Virtual Shareholder Meetings: The Future of Shareholder Meetings Post Covid-19

Ashuthosh V., Law student, Institute of Law, Nirma University


A Shareholder meeting is a meeting between the management of the company and the owners and shareholders of the company. During the meeting, decisions are made concerning the day-to-day operations of the company. The purpose is to ensure that the shareholders are provided with an opportunity to discuss and deliberate upon affairs concerning the company. In a pre-Covid-19 situation, shareholder meetings were conducted in a physical venue and in accordance with the procedures under Section 96 of the Companies Act, 2013 (hereinafter “the Act”). It must be held at least once in a financial year, but not more than 15 months from the date of the previous one.  

Shareholders’ meetings are important for the company as the shareholders’ approval is required to sanction certain crucial decisions such as issue of new shares, appointment of directors, declaration of dividend, etc. Further, section 99 of the Act renders that a company that does not hold an Annual General Meeting (AGM) shall be punishable with fine up to one lakh rupees, and in case of continuing default, further fine may extend to five thousand rupees for every day the default shall continue.

On one hand, it seems impossible to conduct physical shareholder meetings right now but companies still ought to hold them to ensure that business continuity is maintained during such difficult times.

Response provided by the Ministry of Corporate Affairs

Several representations were made by companies to the Ministry of Corporate Affairs (MCA) to provide clarification on the dilemma or certain relaxations on the norms governing the conduct of shareholders’ meetings by companies. MCA responded by issuing circulars permitting shareholders’ meetings to be held virtually through electronic means. These circulars allowed companies to hold such general meetings and take decisions of urgent nature through electronic voting or postal ballot following with the Act, the Rules and other measures prescribed under the circular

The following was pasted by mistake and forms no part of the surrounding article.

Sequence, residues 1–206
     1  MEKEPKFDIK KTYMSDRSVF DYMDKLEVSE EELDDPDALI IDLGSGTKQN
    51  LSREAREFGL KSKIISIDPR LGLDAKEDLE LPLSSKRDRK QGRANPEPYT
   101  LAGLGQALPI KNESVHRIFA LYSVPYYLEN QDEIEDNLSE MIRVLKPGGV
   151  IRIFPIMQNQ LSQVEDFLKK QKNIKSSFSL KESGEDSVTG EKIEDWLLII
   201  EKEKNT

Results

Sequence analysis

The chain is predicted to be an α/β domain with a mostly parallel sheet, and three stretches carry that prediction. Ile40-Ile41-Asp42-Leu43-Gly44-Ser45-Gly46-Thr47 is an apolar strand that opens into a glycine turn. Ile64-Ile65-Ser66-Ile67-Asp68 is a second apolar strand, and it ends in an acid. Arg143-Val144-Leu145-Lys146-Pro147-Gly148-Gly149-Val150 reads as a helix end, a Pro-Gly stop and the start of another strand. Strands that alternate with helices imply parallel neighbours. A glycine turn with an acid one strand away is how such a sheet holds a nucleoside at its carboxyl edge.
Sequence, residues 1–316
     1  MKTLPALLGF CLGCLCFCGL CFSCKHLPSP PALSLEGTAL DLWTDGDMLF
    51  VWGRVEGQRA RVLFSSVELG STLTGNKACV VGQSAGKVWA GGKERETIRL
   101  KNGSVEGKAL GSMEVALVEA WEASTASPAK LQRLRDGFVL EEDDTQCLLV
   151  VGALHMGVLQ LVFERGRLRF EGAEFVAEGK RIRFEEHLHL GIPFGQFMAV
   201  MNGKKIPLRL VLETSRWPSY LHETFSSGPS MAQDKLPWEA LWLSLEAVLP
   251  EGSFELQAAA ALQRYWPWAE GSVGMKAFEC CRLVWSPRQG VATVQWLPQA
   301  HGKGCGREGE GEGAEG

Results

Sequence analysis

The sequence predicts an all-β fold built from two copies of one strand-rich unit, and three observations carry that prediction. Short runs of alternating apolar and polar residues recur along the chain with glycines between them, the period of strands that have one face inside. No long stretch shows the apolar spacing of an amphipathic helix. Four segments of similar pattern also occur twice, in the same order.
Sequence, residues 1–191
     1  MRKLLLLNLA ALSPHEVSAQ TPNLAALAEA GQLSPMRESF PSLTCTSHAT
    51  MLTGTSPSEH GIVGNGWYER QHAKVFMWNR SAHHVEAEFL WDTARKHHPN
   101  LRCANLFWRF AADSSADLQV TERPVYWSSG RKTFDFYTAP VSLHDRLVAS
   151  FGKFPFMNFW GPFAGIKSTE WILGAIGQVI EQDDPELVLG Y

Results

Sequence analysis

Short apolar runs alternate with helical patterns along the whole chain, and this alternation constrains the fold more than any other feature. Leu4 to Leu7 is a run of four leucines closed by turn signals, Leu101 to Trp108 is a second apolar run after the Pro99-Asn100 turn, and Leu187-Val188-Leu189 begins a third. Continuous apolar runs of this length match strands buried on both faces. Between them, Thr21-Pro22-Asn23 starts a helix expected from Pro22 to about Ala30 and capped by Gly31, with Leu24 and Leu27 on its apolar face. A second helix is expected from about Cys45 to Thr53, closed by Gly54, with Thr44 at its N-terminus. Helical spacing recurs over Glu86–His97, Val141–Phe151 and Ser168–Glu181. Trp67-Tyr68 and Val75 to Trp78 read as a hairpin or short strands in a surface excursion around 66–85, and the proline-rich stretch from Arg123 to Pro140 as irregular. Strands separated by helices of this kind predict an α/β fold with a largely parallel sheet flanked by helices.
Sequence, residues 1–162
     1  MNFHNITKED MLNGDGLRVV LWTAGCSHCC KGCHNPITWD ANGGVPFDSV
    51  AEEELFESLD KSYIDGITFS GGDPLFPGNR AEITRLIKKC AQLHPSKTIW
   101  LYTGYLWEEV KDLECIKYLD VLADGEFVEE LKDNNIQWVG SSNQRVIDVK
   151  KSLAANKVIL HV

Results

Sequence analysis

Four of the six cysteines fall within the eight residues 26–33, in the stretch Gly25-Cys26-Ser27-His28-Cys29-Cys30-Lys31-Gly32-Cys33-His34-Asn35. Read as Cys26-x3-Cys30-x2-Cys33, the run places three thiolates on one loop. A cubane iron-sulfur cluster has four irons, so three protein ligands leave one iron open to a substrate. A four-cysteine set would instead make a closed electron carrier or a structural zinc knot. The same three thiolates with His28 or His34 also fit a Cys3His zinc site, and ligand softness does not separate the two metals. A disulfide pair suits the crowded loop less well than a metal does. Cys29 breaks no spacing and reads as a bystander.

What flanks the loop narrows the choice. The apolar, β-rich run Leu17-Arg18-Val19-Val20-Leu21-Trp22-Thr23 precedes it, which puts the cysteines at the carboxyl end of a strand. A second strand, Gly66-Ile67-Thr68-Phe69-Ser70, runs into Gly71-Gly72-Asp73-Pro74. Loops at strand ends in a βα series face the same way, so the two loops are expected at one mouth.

It is imperative to understand that before this juncture, the Act did not provide for shareholder meetings to be held virtually. However, Section 108 of the Act and Rule 20 of the Companies (Management and Administration) Rules, 2014 (hereinafter “the Rules”) allow e-voting to pass resolutions in case of general meetings.

The MCA circulars no. 14/2020 dated 8th April 2020 and 17/2020 dated 13th April 2020 permits companies to hold Extra-Ordinary General Meeting (EGM) through video conferencing (VC) or other audio-visual mechanisms (OAVM). The MCA has set certain requirements that need to be met while holding such meetings. They are different for those who have opted for e-voting facility and those who have not. Some of the key requirements are[i]:

  1. The recorded transcript of the meeting shall be maintained in safe custody by the company and in case of a public company, the same shall be made available on the website.
  2. It is a two-way conference and participants are allowed to pose questions via e-mails. At least 1000 members must be able to participate on a first-come-first basis except for large shareholders (those who hold 2% or more shareholding), promoters, auditors, directors, investors, etc.
  3. Attendance of members through VC or OAVM shall be counted for a quorum under section 103 of the Act.